It’s been a whole year since my husband and I said “I do” in Indiana! Who could have known we’d be celebrating from our new home in LA?
I looked into it, and it turns out that there’s actually a “traditional” gift type for this first year. The theme is paper, so websites recommend things like love letters (which is awesome) and gift certificates (which are less meaningful in comparison).
Don’t get me wrong, I do think that there is some sweet sentiment behind the traditional gifts and ideas for a first year anniversary. But we’re not that traditional.
I ruled out gifts early on because I wanted this to be a team effort – if we were going to spend money, I’d rather do it together.
We ruled out dinner, too, since it was Mother’s Day and because we can make an equally nice dinner at home.
So should we go away for the weekend? With the rabbits still getting to know each other, we didn’t want someone else to have to watch them. They’ve been fighting a bit, which makes them difficult to keep an eye on. So no getaway!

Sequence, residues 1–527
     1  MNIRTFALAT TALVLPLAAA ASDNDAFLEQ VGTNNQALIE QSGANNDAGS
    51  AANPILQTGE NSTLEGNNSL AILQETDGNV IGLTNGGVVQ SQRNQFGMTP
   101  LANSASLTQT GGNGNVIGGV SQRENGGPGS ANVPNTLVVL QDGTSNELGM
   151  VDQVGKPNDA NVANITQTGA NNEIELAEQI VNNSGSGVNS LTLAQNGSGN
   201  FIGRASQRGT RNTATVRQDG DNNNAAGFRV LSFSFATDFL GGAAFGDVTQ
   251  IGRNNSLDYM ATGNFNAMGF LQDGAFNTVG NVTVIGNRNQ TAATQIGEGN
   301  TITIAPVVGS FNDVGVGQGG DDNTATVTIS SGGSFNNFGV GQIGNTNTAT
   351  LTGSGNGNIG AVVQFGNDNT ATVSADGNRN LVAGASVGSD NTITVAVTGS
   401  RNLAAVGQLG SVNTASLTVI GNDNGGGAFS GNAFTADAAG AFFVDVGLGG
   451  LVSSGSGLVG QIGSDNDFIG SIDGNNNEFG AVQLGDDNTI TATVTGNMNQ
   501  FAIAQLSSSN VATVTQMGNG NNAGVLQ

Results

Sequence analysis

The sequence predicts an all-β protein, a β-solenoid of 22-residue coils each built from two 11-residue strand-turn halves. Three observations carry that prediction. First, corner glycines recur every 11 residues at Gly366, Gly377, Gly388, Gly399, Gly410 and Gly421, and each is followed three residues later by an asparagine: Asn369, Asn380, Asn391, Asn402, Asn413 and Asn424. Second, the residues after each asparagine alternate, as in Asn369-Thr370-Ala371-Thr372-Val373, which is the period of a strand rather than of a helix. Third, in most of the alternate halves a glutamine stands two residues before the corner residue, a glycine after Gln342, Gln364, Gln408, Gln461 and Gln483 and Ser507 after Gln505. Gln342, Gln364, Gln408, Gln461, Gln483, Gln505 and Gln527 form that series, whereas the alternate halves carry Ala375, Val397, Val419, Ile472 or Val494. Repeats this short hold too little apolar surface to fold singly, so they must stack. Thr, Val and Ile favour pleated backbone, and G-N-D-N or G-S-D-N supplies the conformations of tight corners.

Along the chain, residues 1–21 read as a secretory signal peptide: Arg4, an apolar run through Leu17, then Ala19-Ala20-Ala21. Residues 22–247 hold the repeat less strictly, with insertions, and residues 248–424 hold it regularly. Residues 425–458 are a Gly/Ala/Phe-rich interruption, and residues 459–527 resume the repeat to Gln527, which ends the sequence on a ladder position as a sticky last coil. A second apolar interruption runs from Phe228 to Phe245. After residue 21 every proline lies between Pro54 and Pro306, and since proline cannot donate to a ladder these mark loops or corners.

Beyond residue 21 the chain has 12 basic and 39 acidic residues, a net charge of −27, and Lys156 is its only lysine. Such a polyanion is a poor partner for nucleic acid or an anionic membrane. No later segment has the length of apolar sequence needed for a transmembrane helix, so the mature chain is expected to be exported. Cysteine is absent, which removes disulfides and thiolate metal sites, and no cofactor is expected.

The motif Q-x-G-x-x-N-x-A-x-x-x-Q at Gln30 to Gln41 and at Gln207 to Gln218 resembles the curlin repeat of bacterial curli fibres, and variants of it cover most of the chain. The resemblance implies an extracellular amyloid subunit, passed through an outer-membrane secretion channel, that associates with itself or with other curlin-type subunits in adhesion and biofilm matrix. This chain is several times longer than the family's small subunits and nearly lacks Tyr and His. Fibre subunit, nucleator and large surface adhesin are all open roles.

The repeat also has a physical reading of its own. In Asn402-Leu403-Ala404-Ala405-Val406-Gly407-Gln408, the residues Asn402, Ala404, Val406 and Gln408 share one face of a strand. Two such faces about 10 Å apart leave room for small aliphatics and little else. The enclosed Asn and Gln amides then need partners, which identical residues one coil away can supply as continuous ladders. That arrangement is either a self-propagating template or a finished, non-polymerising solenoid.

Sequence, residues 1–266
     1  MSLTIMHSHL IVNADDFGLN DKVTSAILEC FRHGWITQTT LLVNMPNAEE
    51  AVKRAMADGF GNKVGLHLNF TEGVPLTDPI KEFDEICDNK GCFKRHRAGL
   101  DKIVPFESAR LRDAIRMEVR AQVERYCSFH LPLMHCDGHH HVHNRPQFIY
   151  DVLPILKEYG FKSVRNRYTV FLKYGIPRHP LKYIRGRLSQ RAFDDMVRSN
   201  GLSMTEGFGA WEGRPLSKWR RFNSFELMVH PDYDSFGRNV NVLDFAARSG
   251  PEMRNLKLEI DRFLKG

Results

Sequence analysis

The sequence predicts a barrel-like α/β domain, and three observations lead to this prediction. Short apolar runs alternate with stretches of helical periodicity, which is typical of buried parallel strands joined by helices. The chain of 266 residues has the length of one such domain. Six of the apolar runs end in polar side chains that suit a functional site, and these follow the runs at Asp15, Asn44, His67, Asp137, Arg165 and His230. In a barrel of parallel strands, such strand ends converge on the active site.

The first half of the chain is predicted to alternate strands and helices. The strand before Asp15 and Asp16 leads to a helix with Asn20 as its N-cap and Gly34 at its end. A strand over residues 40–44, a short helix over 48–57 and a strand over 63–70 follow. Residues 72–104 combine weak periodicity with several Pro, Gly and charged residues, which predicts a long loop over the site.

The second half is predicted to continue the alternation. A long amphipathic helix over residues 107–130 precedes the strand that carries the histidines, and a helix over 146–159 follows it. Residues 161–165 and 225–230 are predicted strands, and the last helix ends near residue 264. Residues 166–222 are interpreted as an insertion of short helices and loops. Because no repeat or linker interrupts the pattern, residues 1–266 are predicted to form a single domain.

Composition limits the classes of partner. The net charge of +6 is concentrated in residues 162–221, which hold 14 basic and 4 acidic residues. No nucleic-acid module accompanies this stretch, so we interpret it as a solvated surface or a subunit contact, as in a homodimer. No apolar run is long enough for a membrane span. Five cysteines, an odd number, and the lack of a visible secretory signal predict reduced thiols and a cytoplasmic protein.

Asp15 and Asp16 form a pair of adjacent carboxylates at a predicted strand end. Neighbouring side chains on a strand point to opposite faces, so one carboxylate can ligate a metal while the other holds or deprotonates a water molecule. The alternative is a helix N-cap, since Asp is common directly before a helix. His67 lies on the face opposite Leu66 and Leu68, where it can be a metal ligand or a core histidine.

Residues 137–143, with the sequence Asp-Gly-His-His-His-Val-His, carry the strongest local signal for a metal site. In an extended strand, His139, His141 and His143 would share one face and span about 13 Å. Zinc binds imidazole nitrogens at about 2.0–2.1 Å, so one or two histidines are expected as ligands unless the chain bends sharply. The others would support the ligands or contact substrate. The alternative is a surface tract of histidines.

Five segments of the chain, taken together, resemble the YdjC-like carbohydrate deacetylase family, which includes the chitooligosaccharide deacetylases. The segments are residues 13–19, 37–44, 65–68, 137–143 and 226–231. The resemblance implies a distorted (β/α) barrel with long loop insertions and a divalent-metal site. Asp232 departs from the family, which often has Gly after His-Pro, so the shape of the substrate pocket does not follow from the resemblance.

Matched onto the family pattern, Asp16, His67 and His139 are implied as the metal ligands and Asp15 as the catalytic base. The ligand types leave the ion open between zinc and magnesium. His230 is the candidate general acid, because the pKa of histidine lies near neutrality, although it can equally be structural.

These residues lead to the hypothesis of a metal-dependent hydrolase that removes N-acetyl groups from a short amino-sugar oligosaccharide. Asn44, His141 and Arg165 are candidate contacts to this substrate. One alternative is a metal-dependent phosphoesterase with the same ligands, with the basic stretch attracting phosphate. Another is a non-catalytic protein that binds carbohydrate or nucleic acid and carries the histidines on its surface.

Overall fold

What did we do instead?
A getting-stuff-done staycation
Okay, so that sounds like an odd way to spend a first anniversary, but we had a blast. We finally made the IKEA run we’d been planning for weeks and got the apartment in tip-top shape. We drank good beer, took walks, watched Netflix and played games to top it all off.
Oh and also I got to meet someone I’ve been dying to meet since high school. Josh Groban was doing an album signing a mile away from where I live:
Thoughts on anniversary gifts
Anyways. We considered our weekend of drinks, Josh Groban, and IKEA our gift to ourselves. When it comes down to it, an anniversary is more about the “us” than the “you” and me.”
Anniversaries are not birthdays or Christmas, so why should they be like those more traditional gift-giving holidays? I sure don’t want Victor to give me a list of things he wants for “his” anniversary. I want to plan it all out together.
The Minimalists have a couple of great posts on the idea of gift-giving that I think are especially relevant for days like anniversaries. Moving forward, they’ll be good bases for handling those traditional gifting holidays too.
I wanted this year to set a precedent for anniversaries to come. If we do get gifts, I see them being things we will use and enjoy together, like a pair of bikes or camping gear.
I’ve asked my husband to consider this type of anniversary moving forward – one where we spend tons of time together and make joint decisions about what, if at all, we should gift ourselves. The single most important thing is that we get to be together.
How has simplifying changed the way you look at anniversaries or other gift-giving days?